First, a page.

But hang on, there's no dimensions shown in this spec! I know, right! But look, it turns out I didn't know the dimensions of my own wood, let alone that of whatever you might be using – so it hardly seems helpful to litter the spec with loads of precise dimensions. Instead I'll use relative dimensions so you can adapt the spec to whatever wood stock you decide to use. I think 25x48mm has turned out to be very, very solid and actually way too heavy. You might be better with something like 19x38mm but you'll have to calculate your own precise dimensions for that from this pattern.
So how do the relative dimensions work?
There are 2 concerns: the lengths of individual pieces; and the sizes of the cut-outs for the joints. Both are absolutely relative to the width and thickness of the wood stock.
For example, the roof is made from 10 pieces abutted width-ways with one (central) piece abutted edge-ways. So the width of the roof is: 10w + 1e.
The design principle is that we are using wood that is exactly twice the width as the edge thickness (and the build is way easier if that is true). Which means we can say the width of the roof is 21e
The back wall width is as wide as the roof plus the left wall thickness (which it overlaps) – so the length of the pieces for the back wall is 10w + 2e, or 22e.
For 25x48mm wood stock the roof is 21 * 25mm = 52.5cm and the back wall is 55cm (design sizes, not my final as-built sizes using my out-of-spec wood stock!).
So that tells you how long each piece should be. A word of caution though, my wood stock wasn't twice as wide as it was thick (goddammittohell) so these diagrams have been worked up after the fact. They ought to be right BUT I haven't built against these design images. So just be careful! If you do happen to build one of these let me know how you got on – I'll update this article with any real world learnings.
We now need to understand the joinery of the pieces. Everything is either butt or lap jointed. I'll assume you can work out the notches you need to cut to make the floor fit when you are making your own pet hutch; the floor isn't lapped into the frame so cutting it to fit is pretty obvious.
So it's just the frame that needs any real joinery:
There are 22 pieces in the frame of 12 different types.Joinery Specification
(relative dimensions:absolute measurements for 25x50mm stock)
A: Front LHS & jamb upright supports (2)
3 full-face (2e:50mm) half laps - one each end and one at the jamb height (21e:525mm).
B: Front RHS upright support (1)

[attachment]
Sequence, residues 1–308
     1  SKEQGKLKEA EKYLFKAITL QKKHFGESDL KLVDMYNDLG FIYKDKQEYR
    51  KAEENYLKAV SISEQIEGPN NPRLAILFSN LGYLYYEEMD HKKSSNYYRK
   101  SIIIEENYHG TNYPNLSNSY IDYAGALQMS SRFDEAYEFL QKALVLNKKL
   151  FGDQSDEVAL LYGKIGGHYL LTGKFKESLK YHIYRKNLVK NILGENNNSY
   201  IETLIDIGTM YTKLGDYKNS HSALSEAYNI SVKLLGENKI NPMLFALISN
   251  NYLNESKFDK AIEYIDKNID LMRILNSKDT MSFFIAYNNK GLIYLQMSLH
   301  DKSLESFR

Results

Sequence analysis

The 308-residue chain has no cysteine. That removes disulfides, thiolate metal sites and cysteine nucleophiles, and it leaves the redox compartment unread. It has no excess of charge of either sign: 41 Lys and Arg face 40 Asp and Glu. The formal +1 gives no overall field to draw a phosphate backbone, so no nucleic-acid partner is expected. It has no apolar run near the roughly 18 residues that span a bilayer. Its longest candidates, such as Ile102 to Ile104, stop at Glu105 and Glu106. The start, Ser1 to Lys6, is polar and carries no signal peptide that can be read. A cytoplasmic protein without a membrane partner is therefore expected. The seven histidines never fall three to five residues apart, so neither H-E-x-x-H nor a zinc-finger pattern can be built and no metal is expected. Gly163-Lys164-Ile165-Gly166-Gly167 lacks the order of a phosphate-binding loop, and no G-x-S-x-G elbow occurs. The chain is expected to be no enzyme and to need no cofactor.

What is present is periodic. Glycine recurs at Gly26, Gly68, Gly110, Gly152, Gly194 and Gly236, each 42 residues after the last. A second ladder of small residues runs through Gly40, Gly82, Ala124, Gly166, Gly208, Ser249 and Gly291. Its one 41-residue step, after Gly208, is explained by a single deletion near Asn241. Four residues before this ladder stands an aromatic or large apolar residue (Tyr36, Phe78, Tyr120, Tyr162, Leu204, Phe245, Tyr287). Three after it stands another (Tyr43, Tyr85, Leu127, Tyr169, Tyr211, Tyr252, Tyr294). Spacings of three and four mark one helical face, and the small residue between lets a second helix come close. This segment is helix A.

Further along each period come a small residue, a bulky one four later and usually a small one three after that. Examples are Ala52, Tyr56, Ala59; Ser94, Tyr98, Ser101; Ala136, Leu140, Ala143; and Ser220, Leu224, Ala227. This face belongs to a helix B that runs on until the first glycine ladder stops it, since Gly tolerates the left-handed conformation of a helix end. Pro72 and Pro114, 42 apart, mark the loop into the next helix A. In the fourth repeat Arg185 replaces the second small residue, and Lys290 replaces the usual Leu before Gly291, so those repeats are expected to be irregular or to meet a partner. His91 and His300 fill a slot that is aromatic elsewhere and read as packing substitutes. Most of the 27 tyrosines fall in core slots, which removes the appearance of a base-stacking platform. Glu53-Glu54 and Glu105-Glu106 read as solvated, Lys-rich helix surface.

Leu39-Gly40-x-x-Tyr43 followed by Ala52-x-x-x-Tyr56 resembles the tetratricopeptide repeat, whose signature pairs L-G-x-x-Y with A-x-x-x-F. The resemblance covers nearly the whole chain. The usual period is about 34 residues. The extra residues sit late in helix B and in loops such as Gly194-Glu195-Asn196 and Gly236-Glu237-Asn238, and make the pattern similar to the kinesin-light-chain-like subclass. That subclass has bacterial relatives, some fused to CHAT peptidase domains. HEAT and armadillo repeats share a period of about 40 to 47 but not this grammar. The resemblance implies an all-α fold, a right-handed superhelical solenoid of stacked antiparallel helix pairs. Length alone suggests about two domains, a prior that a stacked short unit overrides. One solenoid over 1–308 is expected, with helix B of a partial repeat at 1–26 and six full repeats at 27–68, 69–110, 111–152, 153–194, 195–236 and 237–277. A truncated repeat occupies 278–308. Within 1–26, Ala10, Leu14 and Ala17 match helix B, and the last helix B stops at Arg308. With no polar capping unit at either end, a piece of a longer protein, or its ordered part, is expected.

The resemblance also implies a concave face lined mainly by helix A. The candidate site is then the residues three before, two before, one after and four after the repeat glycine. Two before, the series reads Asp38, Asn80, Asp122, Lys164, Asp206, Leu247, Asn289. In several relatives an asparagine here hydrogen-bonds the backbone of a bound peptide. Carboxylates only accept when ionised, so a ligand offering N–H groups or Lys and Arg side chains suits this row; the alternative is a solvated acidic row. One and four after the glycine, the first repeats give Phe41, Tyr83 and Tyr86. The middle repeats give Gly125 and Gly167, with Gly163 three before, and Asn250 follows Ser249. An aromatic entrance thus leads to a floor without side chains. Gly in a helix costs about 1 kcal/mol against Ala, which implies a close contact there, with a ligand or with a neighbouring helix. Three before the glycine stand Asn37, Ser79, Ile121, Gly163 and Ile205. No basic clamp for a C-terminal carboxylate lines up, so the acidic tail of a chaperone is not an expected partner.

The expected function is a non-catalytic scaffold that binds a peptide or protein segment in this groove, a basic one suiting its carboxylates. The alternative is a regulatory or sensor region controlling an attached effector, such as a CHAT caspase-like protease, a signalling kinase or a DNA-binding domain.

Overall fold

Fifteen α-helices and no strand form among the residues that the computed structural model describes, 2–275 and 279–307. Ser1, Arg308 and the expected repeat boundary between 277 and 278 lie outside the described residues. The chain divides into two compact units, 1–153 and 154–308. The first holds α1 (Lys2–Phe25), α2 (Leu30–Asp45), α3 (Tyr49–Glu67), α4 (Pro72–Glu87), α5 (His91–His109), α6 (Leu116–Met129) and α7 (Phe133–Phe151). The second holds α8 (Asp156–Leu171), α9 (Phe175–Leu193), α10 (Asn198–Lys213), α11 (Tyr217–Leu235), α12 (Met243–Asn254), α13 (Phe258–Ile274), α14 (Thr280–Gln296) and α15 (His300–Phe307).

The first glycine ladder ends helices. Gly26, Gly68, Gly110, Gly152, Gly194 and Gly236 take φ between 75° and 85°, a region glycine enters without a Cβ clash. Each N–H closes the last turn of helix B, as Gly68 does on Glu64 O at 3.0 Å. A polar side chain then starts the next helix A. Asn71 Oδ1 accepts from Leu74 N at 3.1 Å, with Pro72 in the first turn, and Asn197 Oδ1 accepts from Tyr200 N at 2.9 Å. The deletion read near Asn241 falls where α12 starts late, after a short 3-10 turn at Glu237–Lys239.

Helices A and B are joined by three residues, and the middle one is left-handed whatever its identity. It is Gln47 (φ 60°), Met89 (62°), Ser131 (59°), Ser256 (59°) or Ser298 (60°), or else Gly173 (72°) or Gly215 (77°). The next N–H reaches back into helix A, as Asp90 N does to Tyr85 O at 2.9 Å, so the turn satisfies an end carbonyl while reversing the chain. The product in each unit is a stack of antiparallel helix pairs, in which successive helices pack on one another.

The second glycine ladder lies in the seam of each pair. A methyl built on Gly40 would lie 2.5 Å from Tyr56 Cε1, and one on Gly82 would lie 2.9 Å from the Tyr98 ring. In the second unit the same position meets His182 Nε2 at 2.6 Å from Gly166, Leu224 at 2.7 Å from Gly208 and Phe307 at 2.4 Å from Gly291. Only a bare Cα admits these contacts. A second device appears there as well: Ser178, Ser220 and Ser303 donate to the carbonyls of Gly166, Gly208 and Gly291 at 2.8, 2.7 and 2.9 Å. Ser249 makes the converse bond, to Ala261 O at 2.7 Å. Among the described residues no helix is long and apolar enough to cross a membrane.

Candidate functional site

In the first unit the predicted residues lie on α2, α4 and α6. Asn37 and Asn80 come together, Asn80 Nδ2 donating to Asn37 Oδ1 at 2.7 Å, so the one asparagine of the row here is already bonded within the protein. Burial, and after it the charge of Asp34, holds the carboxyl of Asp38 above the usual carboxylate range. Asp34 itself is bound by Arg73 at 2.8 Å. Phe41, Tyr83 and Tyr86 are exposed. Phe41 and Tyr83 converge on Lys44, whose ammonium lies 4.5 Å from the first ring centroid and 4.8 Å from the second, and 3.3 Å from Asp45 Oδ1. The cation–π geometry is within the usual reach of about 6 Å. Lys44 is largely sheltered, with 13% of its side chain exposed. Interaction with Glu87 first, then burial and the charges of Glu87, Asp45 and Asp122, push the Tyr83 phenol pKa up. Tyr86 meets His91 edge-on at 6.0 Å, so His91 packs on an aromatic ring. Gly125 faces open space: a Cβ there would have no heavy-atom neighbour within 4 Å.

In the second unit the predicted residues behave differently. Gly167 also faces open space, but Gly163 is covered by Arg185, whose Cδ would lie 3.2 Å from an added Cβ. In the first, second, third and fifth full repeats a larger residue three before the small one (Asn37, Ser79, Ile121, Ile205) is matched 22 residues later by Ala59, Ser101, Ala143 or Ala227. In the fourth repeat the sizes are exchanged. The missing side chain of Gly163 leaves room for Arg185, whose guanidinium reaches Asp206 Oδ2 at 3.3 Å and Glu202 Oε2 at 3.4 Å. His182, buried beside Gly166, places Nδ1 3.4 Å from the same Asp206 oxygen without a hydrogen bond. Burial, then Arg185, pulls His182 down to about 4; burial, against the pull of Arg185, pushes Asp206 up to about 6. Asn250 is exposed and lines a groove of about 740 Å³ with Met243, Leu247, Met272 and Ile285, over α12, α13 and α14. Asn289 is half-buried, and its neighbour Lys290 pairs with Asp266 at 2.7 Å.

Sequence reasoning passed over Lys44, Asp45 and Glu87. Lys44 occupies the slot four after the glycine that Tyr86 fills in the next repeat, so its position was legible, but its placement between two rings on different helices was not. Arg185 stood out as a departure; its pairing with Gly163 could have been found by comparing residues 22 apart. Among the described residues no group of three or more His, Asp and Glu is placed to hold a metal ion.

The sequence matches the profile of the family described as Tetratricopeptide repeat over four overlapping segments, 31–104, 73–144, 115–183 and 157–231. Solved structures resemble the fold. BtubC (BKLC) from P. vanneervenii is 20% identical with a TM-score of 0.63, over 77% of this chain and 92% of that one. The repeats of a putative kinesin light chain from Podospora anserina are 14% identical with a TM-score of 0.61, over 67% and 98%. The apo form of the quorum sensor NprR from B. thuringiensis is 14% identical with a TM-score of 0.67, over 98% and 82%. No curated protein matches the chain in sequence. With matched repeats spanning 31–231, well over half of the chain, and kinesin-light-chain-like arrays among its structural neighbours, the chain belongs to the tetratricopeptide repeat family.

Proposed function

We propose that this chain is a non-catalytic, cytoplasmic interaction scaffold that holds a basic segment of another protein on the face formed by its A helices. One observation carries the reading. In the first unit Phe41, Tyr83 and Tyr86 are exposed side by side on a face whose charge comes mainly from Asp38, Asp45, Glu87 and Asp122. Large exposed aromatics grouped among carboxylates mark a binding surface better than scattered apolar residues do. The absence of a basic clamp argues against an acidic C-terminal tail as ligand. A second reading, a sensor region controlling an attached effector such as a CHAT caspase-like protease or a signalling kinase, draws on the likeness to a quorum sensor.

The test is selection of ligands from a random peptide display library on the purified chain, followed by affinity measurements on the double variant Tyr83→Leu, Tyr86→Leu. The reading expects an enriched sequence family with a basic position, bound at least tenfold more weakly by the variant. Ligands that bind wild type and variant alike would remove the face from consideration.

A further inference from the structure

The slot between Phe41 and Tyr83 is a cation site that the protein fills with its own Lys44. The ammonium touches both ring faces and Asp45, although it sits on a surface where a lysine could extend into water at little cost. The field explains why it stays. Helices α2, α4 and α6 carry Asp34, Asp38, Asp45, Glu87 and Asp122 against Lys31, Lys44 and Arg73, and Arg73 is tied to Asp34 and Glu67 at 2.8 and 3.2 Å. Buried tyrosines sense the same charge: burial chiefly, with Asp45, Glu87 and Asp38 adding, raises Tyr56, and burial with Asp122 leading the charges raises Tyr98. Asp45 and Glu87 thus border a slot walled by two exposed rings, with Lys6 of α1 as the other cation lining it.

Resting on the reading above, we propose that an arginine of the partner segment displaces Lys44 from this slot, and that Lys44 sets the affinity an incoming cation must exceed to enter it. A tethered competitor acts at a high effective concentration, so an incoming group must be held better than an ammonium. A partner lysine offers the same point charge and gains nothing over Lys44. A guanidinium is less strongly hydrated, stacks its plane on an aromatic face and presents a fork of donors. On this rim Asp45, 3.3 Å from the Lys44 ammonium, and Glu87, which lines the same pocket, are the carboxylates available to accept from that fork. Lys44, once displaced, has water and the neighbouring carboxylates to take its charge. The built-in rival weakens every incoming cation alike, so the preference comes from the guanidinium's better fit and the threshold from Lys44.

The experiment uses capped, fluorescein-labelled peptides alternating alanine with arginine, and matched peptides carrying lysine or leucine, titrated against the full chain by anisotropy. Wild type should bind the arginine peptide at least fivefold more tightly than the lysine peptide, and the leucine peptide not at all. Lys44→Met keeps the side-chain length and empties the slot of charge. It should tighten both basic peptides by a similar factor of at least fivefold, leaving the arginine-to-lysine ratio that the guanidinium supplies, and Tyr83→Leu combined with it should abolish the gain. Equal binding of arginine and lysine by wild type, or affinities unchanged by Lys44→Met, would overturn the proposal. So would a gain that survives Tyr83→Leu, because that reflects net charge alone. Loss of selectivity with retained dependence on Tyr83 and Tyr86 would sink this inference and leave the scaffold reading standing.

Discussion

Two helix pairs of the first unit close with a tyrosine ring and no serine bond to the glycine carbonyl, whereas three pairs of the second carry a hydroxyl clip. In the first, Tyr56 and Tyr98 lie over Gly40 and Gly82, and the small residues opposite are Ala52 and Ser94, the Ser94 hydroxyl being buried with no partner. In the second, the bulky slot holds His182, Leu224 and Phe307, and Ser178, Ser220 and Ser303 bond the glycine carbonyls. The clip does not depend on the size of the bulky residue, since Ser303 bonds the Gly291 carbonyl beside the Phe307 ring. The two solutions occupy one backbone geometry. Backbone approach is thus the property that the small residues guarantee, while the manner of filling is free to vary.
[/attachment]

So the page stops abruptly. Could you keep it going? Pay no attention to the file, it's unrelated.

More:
As A but the bottom is half-notched (e x e:25mm x 25mm) instead of half-lapped.
C: Front upper and jamb-level strut supports (2)
3 full-face half laps - one each end and one at the jamb (5e:125mm).
D: Front lower skirt (1)
LHS & Jamb quarter laps. RHS half-notch.
E: LHS & RHS front upright supports (2)
3 full-face half laps - lower, mid and upper skirt levels (0, 11e,22e: 0, 275mm, 550mm).
F: LHS & RHS back, with back LHS & RHS upright supports (4)
3 full-face half laps - each end and mid skirt level.
G: LHS upper and mid skirts (2)
Full-face half-lap at back, with full-face quarter-lap abutting. Full-face quarter-lap at front.
H: LHS lower skirt (1)
As G but this skirt extends further forward than the others.
I: Back roof strut support (1)
LHS half notched at back. RHS full-face half-lap.
J: Back upper, mid and lower skirts (3)
K: RHS upper and mid skirts (2)
Quater-lapped each end.
L: RHS lower skirt (1)
As K but this skirt extends further forward than the others.
It's bonkers, right? Definitely not the sort of thing you could ever hope to buy. Hand-made stuff brings with it a great creative freedom; Why emulate the mass-market? I wonder if it was fortuitous that I had so much trouble over wood size in this project. That lead to a very merry dance in and out of the design world and the real world. It gave me a chance to think about the cut-to-spec versus made-to-measure approaches. Which feels like the same concern we have in writing between the 'getting it good' and the 'getting it right'. Ie. Recognising when to us the impetus of the plan to move forward and when to simply wing it.
In my next project write-up I shall look a little closer at the design phase, giving particulate heed to where I feel I should be prepared to just wing it. In the meantime, here's a final picture of the Kixkat Club with no sign of Kicky; who is still studiously ignoring it in so far as I can tell: